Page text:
Not one to let anything put a damper on my holiday, I went tramping into the town. Everything was not what I remember. The old gas station has turned into a taxi station with paint peeling all over the place, becoming everything of an eyesore. So much development has taken place. A large bus station loomed over shophouses just across the narrow road. And what's this? The weather was hot in the afternoon! I came here for cool weather!

Boo. Anyway, we came here to enjoy nature so off we went for a walk to Robinson Waterfall. (If anything, Century Pines is at a strategic location, walking distance to town as well as to some of the jungle walks.) There are altogether 13 paths - some easy, leisurely walks, others tough, steep and unclear which may require a guide. Robinson is an easy walk. Don't expect impressive views, but seeing as I've been complaining pretty much, let's just say this was a nice excursion from city life :)

Dilapidated signage :(

Robinson Waterfall

For dinner, we headed over to Rose Lane. Recommended by my dad and I'd say not bad.

Rose Lane, Tanah Rata (located along the 2 main rows of shophouses in town)

They operate the shop next door called Rosedale too. Set dinners are priced at RM13.90 & RM15.90 inclusive of a soup, main and drink. Not bad again. I had a lamb chop, Hubs had the honey grilled chicken. The buns were warm and really soft, we loved it. Soup of the day was mushroom and this was pretty dilute, you could count the mushroom bits. Its like they added a litre of water to a can of Campbell soup. Anyway, it served to warm our tummies.

Mains were pretty good - tasty and portions were adequate.

Honey grilled chicken

Juicy black pepper lamb chop

The next day, we woke up early to head over to Sg Palas Boh Tea estate. Its located further up from Brinchang (coming from Tanah Rata), past Kea Farm and Equatorial Resort. Look out for the turning to your left, the Boh signboard wasnt prominent.We missed the turning and realised it only when we found ourselves in Tringkap. Anyway, there are great views of the vegetable farms along the road here. Stop by and take some pics. Don't mind the flies zooming past.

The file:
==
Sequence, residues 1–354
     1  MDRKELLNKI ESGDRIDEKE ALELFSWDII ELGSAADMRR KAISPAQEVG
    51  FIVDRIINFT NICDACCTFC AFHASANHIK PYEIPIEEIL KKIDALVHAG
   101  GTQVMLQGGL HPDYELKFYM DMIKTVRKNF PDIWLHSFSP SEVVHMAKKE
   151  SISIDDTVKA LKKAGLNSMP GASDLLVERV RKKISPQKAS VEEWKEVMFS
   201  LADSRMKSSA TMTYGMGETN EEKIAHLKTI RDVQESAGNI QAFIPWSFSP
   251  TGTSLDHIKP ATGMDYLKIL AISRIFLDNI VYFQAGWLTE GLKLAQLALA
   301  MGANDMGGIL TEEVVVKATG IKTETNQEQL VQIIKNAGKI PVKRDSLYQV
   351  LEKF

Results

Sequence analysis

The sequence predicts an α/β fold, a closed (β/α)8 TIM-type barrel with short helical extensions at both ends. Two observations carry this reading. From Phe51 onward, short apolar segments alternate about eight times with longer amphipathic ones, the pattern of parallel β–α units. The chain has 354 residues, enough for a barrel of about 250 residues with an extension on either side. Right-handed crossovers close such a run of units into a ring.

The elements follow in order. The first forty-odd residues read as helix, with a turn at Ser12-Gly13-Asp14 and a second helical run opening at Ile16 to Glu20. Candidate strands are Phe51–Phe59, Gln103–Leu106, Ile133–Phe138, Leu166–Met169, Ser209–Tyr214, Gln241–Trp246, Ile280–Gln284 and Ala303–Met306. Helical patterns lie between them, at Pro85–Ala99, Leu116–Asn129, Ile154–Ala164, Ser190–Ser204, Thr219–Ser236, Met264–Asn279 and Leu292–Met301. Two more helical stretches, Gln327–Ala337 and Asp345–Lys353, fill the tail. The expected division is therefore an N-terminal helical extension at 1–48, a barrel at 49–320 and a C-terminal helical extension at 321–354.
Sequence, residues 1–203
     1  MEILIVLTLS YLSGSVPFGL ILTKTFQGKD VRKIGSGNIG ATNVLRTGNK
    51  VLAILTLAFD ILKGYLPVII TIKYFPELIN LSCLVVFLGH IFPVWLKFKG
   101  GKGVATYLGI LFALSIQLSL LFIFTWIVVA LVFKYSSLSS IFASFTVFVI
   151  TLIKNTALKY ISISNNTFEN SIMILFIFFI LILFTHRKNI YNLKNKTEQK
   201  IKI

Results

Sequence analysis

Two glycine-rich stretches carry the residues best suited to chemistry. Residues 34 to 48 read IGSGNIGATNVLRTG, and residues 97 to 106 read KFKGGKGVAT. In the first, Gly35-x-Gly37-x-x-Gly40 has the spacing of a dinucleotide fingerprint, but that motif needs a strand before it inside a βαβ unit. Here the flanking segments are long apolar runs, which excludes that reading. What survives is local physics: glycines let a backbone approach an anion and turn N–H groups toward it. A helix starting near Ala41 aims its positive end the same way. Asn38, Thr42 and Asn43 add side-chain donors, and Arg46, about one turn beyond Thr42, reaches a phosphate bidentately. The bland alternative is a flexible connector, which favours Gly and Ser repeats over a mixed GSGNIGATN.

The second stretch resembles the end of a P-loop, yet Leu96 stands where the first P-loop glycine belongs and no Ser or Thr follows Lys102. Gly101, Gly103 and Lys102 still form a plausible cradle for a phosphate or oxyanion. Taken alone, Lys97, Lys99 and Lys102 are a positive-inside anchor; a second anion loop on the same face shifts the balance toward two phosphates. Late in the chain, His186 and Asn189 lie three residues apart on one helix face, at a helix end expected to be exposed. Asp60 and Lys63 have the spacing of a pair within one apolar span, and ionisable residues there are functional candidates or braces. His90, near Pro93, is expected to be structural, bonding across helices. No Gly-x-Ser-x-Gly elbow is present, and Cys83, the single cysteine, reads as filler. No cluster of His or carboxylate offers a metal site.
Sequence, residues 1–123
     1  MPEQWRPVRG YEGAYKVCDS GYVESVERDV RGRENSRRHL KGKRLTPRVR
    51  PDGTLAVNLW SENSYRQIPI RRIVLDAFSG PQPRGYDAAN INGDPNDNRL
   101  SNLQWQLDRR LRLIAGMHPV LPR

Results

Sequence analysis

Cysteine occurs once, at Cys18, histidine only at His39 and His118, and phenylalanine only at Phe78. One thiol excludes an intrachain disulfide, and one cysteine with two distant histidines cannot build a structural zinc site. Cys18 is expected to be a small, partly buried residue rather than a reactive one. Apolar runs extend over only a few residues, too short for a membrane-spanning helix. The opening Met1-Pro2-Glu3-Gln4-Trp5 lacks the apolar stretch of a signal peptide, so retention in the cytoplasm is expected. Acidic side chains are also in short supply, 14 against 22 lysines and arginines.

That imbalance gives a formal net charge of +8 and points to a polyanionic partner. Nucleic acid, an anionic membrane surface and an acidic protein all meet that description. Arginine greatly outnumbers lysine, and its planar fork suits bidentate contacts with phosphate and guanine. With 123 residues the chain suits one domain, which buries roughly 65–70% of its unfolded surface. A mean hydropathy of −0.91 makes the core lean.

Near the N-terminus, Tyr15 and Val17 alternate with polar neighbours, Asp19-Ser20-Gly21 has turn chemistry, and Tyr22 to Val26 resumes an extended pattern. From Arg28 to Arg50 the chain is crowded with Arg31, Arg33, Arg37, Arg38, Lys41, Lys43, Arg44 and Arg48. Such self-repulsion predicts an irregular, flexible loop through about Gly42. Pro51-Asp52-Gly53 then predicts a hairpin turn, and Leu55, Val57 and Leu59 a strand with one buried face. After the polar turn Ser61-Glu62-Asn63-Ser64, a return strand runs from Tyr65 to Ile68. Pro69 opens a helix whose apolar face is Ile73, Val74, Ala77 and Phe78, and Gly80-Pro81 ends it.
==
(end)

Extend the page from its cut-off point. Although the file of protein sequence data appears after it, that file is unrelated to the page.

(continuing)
Scenic views of vegetable farms

Once you've turned in, the inner road to the Sg. Palas Boh estate is very narrow and winding. Be careful when driving and always honk when you are nearing a blind corner. We had many heart attacks when jeeps zoomed down at corners. However, the view up here is worth it. Breathtaking! And at 2000 meters above sea level, this is the highest road in Peninsular Malaysia! (this beats climbing mount KK. To a certain extent heh)

Green, rolling hills with clear blue skies

Next, we headed to Raaju Strawberry Farm where they serve all things strawberry - strawberry cake, ice-cream, milk shake, float, jam, waffles with strawberries and of course tea and scones with strawberries. I had a strawberry ice-cream.

Strawberry ice-cream - RM6.00

Oh, did I mention we changed accomodation? Yes! We decided to check out of Century Pines and into Bala's Holiday Chalet ! Heh Heh. The grounds are beautiful... a charming English garden where you can read a book and have their famous tea and scones, cosy rooms and cheaper rates! We opted for a Deluxe with sunrise view at RM180/night. Rooms are basic though (no dvd player) and kettle to make hot drinks. Never mind - I love the setting!